“May Christ plant a kiss on me.”

— St. Ambrose.

Every Romeo wants to kiss his Juliet. If she is a little shy, he may try to cajole or trick her with sweet and gentle words. Shakespeare’s tragic Romeo tells his Juliet that his intentions are pure as a prayer. His lips are like ‘two blushing pilgrims’, which seek to touch the relics of a saint. And since saints also have lips, perhaps their kiss will be as holy as the kisses of saints. So, they may kiss without sinning, or, at most, just a ‘gentle sin’ ‘Ay, pilgrim, lips that they must use in prayer’ she retorts. But alas ‘For never was a story of more woe, than this of Juliet and her Romeo.’

Pope Paul VI, drawing from the font of patristic liturgical ‘ressourcement’, restored the Kiss of Peace within the celebration of the post-conciliar Novus Ordo.[1] Along with the presentation of the gifts of bread and wine by the laity to the priest, and the ‘hearty prayers of the people’ (Justin Martyr, First Apology 65) the restoration of the Kiss of Peace was a welcome signal that the bishops and theologians were contemplating upon the spirituality of the Christians in those early centuries. This article concerns primarily the liturgical Holy Kiss.

The kiss as a liturgical expression of reverence and love has ancient origin. The New Testament recounts the Holy Kiss in Romans 16:16, I Peter 5:14, I Cor 16:20 and 2 Cor 13:12. St. Peter wrote about greeting with “the kiss of love” (1 Pet. 5:14). Pope Benedict XVI expressed this in his post-Synodal Exhortation Sacramentum Caritatis (2007):

In ancient times the kiss as a sign of greeting was used to show reverence for temples and images of gods. It seems that the table was likewise honored before the family meal in places where every meal was considered sacred.

The phrase ‘kissing hands’ is still part of the language of monarchy, loyalty and welcome. Medieval monarchs would accept the surrender of enemies or the expression of loyalty of a subject with an osculum, a kiss bestowed on the vassal by the lord. In the recent coronation of King Charles III, his heir the Prince of Wales knelt before the newly crowned king and, with his hands inside his father’s, swore loyalty ‘as your liege man of life and limb’ He then kissed his father to seal his oath. The veneration of the altar by a kiss, the veneration of the cross on Good Friday by a kiss, all stand testimony to the intensity of the kiss as a religious expression.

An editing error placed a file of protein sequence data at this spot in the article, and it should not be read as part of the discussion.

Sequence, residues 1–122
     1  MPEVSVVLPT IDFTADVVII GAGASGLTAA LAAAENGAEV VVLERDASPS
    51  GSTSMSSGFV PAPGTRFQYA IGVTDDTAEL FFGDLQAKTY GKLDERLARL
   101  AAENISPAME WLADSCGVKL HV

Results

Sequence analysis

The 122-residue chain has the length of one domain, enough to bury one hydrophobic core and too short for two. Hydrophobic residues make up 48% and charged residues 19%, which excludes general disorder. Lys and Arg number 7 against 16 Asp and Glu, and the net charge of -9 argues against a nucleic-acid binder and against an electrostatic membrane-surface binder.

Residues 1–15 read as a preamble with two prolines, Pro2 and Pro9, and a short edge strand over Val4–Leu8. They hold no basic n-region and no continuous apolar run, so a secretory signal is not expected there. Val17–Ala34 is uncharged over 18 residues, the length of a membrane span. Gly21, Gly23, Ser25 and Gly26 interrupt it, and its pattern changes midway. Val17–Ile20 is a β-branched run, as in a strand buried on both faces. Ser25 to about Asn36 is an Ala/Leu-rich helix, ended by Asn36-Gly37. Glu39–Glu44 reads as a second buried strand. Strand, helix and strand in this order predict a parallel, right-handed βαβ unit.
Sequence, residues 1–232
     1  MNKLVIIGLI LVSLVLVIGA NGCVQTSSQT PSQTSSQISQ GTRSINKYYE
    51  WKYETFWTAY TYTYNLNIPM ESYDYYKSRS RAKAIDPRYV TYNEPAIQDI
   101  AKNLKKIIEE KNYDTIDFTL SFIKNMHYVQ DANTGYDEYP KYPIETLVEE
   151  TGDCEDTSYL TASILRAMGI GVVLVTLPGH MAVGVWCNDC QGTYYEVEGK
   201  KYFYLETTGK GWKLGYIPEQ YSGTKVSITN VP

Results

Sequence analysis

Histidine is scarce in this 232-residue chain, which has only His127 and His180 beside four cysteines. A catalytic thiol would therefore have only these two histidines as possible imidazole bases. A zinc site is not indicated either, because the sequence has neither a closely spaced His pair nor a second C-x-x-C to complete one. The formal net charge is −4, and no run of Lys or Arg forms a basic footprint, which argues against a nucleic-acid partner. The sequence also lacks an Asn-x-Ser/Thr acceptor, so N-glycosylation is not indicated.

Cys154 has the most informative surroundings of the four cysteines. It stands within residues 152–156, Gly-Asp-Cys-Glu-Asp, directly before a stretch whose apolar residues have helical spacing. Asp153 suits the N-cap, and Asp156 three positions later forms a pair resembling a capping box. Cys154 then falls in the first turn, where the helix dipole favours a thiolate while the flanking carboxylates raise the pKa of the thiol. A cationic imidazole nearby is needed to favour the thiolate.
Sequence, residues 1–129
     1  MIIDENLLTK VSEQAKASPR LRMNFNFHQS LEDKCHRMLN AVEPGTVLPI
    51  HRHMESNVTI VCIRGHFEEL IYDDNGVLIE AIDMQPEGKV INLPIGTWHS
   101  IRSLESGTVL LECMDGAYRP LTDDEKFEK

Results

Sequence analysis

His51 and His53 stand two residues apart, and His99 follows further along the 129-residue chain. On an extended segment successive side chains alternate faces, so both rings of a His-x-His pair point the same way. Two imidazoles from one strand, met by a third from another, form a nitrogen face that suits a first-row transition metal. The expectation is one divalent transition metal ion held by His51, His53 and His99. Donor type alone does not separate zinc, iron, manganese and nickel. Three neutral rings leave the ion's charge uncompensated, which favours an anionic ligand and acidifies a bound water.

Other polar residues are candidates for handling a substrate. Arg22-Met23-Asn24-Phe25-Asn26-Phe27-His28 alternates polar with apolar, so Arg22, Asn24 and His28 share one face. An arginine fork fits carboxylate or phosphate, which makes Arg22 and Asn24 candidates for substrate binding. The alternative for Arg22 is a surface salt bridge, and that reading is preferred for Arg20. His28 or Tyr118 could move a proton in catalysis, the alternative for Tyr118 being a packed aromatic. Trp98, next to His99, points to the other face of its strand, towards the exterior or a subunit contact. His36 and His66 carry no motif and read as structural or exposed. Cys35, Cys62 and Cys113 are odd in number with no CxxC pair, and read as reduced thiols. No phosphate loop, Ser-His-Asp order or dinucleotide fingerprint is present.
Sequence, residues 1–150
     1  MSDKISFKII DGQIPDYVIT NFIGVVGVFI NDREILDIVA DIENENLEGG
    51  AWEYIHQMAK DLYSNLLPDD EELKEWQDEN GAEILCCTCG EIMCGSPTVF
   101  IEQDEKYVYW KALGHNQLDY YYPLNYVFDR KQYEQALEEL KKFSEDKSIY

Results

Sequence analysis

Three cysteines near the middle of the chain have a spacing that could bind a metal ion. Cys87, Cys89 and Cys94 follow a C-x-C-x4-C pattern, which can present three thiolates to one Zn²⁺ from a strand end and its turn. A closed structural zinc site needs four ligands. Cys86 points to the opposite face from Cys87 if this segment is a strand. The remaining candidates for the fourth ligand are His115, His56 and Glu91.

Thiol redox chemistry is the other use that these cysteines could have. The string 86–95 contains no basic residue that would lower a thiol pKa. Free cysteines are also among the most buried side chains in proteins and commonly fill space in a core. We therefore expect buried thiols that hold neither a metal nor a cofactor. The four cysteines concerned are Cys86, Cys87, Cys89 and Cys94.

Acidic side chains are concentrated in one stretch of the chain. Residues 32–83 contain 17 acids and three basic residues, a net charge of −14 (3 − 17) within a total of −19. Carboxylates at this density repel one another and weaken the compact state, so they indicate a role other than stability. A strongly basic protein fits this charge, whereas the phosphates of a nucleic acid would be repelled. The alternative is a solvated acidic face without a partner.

The opening verse of the Song of Songs gave rise to much controversial speculation among early Christians. ‘Let me kiss him with the kiss of my mouth’ (Song of Songs 1:1.) Origen, the master of allegorical exegesis, called the canticle a wedding hymn or epiphalium in which the bridegroom is God and the bride may be either the Church or the Christian soul. Thus, the kiss is domesticated into the chaste kiss of a married couple. Not so with Rupert of Deutz, (c.1070–1129)[2] in his exegesis of Matthew, (De gloria et honore filii hominis). He wrote how both Christ the Bridegroom and Rupert his bride equally desire to kiss each other. The kiss is on the lips, delightful and sensuous: “I was not satisfied unless I might seize him with my hands, and I might kiss affectionately him whom I had embraced. (“Non satis hoc mihi erat, nisi in manibus apprehenderem, amplexumque deoscularer.”) The language is undeniably erotic. Saint Bernard of Clairvaux (1090–1153) also, in his Sermons on the Song of Songs, writes that the biblical kiss is a mystical one (spirituale osculum) from the mouth of Christ.

Patristic evidence of the liturgical holy kiss

St. Justin Martyr, the first to mention the Holy Kiss in terms of the synapse of the Christians, tells us that it was exchanged at the end of the prayers: “Having ended the prayers, we salute one another with a kiss. There is then brought to the president of the brethren bread and a cup of wine…” (First Apology, 65).[3]